Some locations have been underwater for several weeks.
In areas affected by the succession of storms that recently swept parts of Southeast Asia, the Adventist Development and Relief Agency (ADRA) is responding with cash transfers, seeds for crop replacement, and food to sustain as many people as possible.
Millions of people in the Philippines, Cambodia, and Vietnam have been evacuated to overcrowded shelters with no social distancing. Officials are expecting more outbreaks of COVID-19 to add to the damage of lives already altered due to massive flooding, mudslides, and violent winds.
Strongest Storm of 2020 Hits the Philippines
When the tropical depression named Ofel made landfall and moved across the Philippines on October 14, 2020, stronger storms followed and hit the area within two weeks.
Tropical storm Saudel (local name Pepito) made landfall on October 21, causing flooding in the town of Lopez, Quezon. Four days later, Typhoon Molave (local name Quinta) brought heavy rains and maximum sustained winds of 130 km/h (80 mph), causing massive flood damage to the island of Mindoro.
As people from Quezon and Mindoro were recovering, Typhoon Goni (local name Rolly) came along on November 1 and intensified to a Category 5 super typhoon with maximum sustained winds of 225km/h (139 mph) and gusts of up to 280km/h (173 mph).
Local authorities say the storm could be compared to Super Typhoon Haiyan, which left more than 6,500 dead in 2013. Storm surges from Typhoon Goni destroyed thousands of homes in Catanduanes, submerged towns in Albay with lahar, and affected more than 1.4 million people throughout six different provinces.
“Super Typhoon Goni was an exceptionally strong typhoon that ripped through communities already affected by recent typhoons and COVID-19,” Tom Pignon, ADRA’s country director in the Philippines, said. “While the people of the Philippines are incredibly resilient, we cannot underestimate the compounded impact of these multiple disasters. ADRA is already on the ground working with local authorities and our partners to assess the needs and determine how best to support those whose lives have been torn apart.”
Crops and Infrastructure Decimated in Vietnam
In central Vietnam, almost six weeks of excessive wind and rain since September have resulted in structural damage to 300,000 homes and destroyed income sources, including 113,000 hectares (280,000 acres) of rice and crops; uprooted fruit trees and timber plantations; and damaged 12 water sterilization plants. Local reports also confirm that at least 10,000 households do not have access to clean water, and more than 230 lives were lost.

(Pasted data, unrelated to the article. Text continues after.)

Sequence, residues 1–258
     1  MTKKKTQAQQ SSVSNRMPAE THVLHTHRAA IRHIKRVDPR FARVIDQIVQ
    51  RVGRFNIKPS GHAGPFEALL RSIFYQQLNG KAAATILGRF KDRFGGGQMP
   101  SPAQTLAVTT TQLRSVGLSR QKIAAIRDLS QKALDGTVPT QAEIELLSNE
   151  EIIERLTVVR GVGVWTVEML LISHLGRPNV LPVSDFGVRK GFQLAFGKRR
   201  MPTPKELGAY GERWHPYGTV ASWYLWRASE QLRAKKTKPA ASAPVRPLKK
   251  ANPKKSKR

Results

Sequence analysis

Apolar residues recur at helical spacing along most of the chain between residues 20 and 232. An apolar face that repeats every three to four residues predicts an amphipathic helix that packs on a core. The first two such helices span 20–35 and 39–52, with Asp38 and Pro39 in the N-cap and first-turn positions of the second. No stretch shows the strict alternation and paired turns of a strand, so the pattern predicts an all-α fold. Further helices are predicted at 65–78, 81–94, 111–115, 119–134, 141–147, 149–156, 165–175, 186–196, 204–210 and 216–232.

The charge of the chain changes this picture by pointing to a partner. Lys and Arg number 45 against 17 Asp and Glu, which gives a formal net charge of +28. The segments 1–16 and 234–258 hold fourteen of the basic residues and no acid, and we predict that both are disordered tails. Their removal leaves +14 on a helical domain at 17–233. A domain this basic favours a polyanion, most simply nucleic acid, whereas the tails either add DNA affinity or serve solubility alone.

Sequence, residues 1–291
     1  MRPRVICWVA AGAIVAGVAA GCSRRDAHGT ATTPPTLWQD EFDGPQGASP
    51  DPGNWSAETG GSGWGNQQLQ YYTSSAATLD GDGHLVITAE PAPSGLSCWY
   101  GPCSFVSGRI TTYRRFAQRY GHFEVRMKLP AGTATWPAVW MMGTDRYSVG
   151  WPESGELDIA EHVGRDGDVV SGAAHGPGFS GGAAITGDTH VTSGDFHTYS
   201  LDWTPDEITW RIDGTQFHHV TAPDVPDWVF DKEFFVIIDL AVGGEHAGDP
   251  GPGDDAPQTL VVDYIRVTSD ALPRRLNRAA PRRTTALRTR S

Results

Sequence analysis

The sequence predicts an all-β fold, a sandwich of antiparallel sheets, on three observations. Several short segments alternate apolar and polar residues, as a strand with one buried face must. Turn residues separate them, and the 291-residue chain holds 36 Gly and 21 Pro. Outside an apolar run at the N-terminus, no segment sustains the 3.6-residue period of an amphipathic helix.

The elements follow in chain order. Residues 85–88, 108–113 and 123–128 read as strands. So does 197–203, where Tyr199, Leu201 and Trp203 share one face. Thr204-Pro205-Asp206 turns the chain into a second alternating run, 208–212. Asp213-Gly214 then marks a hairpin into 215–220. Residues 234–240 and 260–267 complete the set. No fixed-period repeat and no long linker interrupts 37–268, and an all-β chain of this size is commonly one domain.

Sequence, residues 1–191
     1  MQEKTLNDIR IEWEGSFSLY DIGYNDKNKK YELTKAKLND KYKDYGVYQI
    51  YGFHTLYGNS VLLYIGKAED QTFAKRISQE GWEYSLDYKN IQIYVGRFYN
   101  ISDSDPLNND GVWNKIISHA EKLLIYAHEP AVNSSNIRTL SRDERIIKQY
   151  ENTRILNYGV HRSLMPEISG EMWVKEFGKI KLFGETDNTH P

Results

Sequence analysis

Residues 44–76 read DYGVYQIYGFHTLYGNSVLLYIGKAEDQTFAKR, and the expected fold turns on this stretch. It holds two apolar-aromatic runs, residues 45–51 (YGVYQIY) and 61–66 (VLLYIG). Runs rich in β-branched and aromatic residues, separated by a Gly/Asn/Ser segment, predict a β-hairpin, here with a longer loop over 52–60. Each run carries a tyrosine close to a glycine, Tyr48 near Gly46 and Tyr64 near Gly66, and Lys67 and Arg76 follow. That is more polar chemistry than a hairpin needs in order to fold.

“After the initial storm, people were not prepared for another one so soon,” Quentin Campbell, country director of ADRA in Vietnam, said. “Due to the slow onset and succession of storms, the impacts will increase as floodwaters remain in place.” Campbell predicted that this will cause the death of trees, the erosion of river banks and roads, and waterlogging of buildings. “Transportation is restricted now, due to flooded and damaged roads which impact the delivery of goods,” he said.
“Our response team is on the ground this week, working with local authorities to distribute cash transfers. Our initial response will be to support 510 households,” Campbell said. “The cash transfers are a top priority because people have lost their livelihoods. This will help the most vulnerable households to purchase necessary nutrition, personal hygiene, or building materials to meet the most urgent needs.”
Food Becomes Scarce in Cambodia
ADRA in Cambodia has faced several severe flooding in different provinces throughout the region over the past months. While responding, they have been serving on the ground to support households that lost their livelihoods and have been providing assistance to combat gender-based violence. The latest typhoon to hit the country left 38 people dead and more than 14,000 households displaced.
ADRA has assisted 450 families with food assistance in the Bakan District of Pursat Province. The response team is preparing for assistance for an additional 500 or more people affected in Kampong Svay, Phneit, Russeit Kraok, and Takong communes of Sereisophoan and Mongkul Borei districts. The team is providing food to those with immediate needs, and they are assessing and supporting livelihood recovery.
“We are in the process of providing rice seed for crop replacement,” Mark Schwisow, country director of ADRA in Cambodia, said. “We will also provide cash transfers to the newly affected households of the underprivileged and most vulnerable people to meet basic needs and ensure food security.”
The original version of this release was posted on the Adventist Development and Relief Agency site.